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HOT SPOT: When not to hang tough

Justin Marville

HOT SPOT: When not to hang tough

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Fidel Castro put Uncle Sam out of Cuba as if the United States was the media at the scene of a homicide.
Erskine Sandiford once told a whole group of civil servants he was bringing the sickle and never once stepped foot in a cane field.
Someone at KFC did away with the Whattadeal.
I even disciplined 20 campers aged six to 16 by keeping them indoors for an entire day when the sun was out.
“Oh, the injustice,” I can hear all now.
So take solace, Carlos Moore, in knowing that men before you have lived through such choices. [Though, like you, I’m wondering how that guy from the Colonel has managed to do it.]
Not that failing to seek a second term at the helm of local basketball really falls into the “tough” category.
Look at it this way, though, you shouldn’t expect an unfavourable response when you decide to do it.
I know, I know, you’ll tell me that this hasn’t been the M.O. for your time in office.
You’ll remind me about the Premier League expansion, your executive’s decision to increase the number of top-flight teams from eight to a gaudy 12 in just your first couple of days in office.
Yeah, you’ll say how tough it was to pull the trigger on promoting three teams when everyone was already complaining about the league’s mediocre standards.
And how easy it would have been for people to unfairly cry nepotism considering three of your council members hold lofty positions with those clubs in question.
No doubting the complexity of your choice there.
You’ll probably recall just two weeks ago that you decided against showing any interest for the National Sports Council’s grand awards ceremony.
It would’ve been the customary practice to hold your association’s annual general meeting on any date other than local sport’s biggest night, considering your association’s financial ties with the host.
But you went the difficult route of allowing the two events to clash anyhow, even as your council seeks assistance for future overseas tours.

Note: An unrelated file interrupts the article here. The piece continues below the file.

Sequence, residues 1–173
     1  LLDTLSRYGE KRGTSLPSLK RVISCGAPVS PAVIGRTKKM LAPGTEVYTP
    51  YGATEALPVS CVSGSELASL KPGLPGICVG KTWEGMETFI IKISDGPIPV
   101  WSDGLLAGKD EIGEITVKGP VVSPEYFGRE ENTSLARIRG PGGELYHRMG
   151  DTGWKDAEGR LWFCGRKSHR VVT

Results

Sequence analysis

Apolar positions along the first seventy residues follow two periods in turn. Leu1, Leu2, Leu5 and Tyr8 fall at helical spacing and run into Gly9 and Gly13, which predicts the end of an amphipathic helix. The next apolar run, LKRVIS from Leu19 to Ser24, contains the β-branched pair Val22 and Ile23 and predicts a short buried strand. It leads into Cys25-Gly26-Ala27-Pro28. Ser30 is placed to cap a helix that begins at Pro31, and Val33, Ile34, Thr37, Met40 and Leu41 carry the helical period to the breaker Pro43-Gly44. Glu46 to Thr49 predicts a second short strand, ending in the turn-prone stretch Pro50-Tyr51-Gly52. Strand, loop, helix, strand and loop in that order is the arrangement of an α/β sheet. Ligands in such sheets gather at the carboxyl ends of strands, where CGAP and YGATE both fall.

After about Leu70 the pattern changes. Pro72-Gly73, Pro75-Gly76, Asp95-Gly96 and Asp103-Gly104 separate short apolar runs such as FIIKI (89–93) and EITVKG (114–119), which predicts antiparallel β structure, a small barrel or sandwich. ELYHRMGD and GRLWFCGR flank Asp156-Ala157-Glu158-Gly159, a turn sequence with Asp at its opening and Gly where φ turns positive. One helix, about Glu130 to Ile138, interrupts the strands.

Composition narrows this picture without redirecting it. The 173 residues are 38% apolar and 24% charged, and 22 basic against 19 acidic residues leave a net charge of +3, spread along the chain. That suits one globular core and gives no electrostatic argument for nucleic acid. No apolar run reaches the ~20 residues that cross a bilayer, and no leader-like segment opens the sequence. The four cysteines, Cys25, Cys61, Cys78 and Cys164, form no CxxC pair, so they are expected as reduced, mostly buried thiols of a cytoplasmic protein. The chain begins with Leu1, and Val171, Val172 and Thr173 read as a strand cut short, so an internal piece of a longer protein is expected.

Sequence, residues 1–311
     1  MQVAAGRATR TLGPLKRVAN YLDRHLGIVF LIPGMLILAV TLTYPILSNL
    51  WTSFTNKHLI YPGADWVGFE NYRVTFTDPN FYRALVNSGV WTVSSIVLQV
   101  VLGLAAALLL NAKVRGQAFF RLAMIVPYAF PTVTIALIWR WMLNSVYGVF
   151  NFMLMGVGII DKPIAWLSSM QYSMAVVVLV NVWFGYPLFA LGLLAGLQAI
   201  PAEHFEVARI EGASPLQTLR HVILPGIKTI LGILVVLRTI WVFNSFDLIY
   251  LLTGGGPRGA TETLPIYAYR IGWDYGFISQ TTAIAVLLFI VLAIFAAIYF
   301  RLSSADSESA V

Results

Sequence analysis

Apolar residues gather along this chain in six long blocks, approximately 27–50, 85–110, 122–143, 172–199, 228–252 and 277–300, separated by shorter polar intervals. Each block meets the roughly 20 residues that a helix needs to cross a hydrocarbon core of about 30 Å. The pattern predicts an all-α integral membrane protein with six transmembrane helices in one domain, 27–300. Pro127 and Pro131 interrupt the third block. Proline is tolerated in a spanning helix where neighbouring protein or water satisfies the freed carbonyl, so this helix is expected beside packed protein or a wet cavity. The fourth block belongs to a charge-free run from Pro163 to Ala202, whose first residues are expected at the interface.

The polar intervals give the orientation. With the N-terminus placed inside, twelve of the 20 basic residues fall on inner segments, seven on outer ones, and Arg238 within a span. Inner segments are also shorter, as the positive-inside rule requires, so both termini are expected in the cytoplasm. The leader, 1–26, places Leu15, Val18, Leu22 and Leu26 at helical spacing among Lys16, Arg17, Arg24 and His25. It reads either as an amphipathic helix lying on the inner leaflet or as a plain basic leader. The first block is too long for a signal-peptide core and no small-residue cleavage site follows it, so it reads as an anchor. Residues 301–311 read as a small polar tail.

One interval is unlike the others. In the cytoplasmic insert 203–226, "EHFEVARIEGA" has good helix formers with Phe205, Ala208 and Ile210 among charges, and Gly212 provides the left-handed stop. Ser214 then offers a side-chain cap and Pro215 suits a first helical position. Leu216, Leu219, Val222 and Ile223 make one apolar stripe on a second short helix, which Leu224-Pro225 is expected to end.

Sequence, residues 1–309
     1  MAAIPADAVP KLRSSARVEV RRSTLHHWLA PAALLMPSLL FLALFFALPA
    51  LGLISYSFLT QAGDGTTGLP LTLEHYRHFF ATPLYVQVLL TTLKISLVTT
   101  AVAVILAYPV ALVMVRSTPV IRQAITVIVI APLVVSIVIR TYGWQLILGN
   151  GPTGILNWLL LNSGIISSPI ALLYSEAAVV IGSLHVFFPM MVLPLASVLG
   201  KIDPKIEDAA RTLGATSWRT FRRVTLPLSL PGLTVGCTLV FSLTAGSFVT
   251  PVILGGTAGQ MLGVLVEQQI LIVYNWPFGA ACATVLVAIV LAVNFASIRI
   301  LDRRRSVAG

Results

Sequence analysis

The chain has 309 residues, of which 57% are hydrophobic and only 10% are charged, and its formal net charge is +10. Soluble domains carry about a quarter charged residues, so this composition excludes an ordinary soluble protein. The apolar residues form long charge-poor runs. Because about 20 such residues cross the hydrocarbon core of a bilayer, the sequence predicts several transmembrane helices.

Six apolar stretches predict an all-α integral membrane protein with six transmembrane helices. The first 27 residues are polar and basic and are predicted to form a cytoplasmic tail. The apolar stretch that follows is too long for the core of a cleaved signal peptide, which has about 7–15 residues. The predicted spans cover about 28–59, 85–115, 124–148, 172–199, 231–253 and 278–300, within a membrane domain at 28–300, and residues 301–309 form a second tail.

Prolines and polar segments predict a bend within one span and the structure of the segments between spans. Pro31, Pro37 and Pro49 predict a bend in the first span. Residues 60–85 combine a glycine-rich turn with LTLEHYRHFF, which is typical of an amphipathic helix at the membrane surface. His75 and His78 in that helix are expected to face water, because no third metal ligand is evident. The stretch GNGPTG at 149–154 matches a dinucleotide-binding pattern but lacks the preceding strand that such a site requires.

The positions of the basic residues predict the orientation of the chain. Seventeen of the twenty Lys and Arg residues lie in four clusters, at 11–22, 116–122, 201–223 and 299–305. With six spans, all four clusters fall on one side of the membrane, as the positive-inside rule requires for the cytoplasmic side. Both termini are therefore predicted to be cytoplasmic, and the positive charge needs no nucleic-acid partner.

Can’t dispute the intricacy of that decision.
Then again it wasn’t an easy 2010 for you now, was it?
You’ll jog my memory about how a guy named Rodney Ollivierre approached you about generating some funds for your cash-strapped association via a fail-safe but relatively huge raffle.
I know several people warned you about the difficulty of trying to raffle a house and car worth $480 000 to the basketball public during the offseason.
You might even enlighten me about the advice you were given on how improbable it was for the executive to turn a profit on holding a draw of this size just three months after starting it.
And you’ll most likely say how tough it was for you to do it anyhow.
Must’ve been equally hard to write that email to the general body later in December notifying them of the raffle’s abandonment for what seems to be a shocking “lack of support”.
I can’t even imagine how daunting it was for you to face my questions surrounding the amount of money the executive owes following the raffle fallout.
We know tough challenges don’t faze you though.
It’s your nature.
From the time you came to basketball prominence it was just one difficult situation after another.
You lost the 2007 election for the top post and still found it within yourself to accept a lesser vice-presidential role.
Eighteen months later you truly began to feel your function was being marginalised and instead of frustrating the process you took the hard stance of resigning.
It’s not as if you went into hiding either.
Only six months later you returned to contest the presidency again, knowing full well you could face the public’s scrutiny for abandoning a smaller post only to seek a greater one.
Now another difficult choice awaits you.
And though failing to return as president might not seem that tough to you, I’m advising you to go in that direction.
Because if left up to the general body at the polls, they won’t see it as a tough decision to make either.
• Justin Marville is a NATION reporter and may be reached at [email protected]